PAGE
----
Under 50 colon cancer rates are increasing while over 50 are decreasing, and we don’t know why.
There is a fantastic story from our local public radio station (KNKX.org) about a confounding trend in the rates of colon cancer for young people vs. those over 50. As the story explains: “Cancer incidence is creeping up by 1 or 2 cases per 100,000 people under 50. By way of comparison, the disease rate among older Americans has plummeted by more than 100 cases per 100,000 people.”
According to the story, which analyzes a very recent study out of the Journal of the National Cancer Institute, the epidemiologists looking at the issue don’t have a satisfactory answer for why the rate is dropping in the over 50 but increasing in the under 50.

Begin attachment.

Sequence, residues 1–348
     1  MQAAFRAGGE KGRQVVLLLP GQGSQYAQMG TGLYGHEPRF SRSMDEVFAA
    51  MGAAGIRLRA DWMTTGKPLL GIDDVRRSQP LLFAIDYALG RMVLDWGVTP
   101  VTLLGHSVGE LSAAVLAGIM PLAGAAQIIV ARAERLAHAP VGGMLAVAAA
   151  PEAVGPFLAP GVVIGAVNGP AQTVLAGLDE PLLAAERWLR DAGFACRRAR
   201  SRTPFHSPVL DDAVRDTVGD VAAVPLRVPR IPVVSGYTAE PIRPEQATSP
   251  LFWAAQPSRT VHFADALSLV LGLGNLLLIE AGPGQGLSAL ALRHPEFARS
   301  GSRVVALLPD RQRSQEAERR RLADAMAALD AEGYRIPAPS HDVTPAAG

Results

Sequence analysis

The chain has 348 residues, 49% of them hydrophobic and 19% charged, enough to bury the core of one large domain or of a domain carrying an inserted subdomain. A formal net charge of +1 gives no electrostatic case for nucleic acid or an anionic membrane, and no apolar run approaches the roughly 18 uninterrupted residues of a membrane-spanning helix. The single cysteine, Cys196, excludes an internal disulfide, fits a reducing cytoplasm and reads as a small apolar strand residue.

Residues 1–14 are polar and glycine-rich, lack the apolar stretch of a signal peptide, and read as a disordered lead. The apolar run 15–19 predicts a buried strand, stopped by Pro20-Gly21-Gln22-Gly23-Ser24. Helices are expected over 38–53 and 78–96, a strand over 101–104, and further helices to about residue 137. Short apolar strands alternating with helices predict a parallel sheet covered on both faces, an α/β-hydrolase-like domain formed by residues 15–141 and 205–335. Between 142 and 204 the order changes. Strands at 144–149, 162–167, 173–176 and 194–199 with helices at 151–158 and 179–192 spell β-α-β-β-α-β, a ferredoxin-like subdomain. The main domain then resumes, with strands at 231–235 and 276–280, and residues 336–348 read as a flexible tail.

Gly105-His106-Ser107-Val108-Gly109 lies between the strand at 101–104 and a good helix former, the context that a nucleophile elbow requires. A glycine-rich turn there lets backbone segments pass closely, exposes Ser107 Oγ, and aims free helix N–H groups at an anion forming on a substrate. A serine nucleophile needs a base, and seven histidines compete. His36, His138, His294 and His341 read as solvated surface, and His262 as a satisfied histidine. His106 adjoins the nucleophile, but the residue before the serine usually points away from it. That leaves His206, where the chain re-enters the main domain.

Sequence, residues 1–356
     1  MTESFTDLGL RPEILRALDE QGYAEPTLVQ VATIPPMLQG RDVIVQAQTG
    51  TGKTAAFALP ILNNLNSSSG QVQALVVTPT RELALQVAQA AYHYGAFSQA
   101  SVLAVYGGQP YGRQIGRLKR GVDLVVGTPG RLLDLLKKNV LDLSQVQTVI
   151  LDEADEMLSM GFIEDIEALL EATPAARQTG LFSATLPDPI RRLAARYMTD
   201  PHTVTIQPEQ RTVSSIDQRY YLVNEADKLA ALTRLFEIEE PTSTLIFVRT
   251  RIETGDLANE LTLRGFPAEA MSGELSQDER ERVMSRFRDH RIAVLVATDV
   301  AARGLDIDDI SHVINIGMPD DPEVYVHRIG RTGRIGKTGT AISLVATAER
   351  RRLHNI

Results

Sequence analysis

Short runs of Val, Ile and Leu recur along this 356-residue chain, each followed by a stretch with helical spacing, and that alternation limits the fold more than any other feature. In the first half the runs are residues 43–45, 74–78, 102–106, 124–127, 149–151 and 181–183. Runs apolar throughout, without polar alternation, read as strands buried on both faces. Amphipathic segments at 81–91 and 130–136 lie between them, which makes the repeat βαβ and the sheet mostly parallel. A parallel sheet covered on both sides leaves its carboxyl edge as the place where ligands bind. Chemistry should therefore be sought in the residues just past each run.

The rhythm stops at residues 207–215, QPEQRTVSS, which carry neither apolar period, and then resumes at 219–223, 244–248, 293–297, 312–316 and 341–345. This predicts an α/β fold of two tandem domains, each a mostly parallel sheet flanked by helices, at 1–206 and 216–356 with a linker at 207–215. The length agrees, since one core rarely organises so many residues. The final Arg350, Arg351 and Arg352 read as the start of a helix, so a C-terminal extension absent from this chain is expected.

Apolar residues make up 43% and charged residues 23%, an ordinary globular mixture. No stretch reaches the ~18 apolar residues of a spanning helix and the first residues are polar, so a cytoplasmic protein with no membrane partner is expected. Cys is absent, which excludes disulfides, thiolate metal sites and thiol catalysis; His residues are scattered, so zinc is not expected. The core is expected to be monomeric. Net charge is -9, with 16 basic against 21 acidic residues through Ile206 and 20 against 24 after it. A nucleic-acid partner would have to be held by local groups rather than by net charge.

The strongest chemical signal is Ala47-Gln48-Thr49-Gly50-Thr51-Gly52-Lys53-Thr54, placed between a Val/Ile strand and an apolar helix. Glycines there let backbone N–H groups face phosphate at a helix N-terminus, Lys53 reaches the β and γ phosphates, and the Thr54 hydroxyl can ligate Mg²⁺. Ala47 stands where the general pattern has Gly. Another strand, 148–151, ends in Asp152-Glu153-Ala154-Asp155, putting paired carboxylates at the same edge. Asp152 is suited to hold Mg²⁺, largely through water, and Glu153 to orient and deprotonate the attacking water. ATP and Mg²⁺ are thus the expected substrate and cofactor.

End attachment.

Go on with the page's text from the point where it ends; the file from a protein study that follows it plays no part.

The real fear is that the failure to see the rate decrease in those currently under 50 may mean we see significantly increased rates of cancer in that age group once they reach the age of 50. As the story puts it: “the under-50s will eventually grow older. What will happen to their risk then?”
The recommendation is the thing none of us want to do: get screened via colonoscopy once we reach 50 (the recommended age).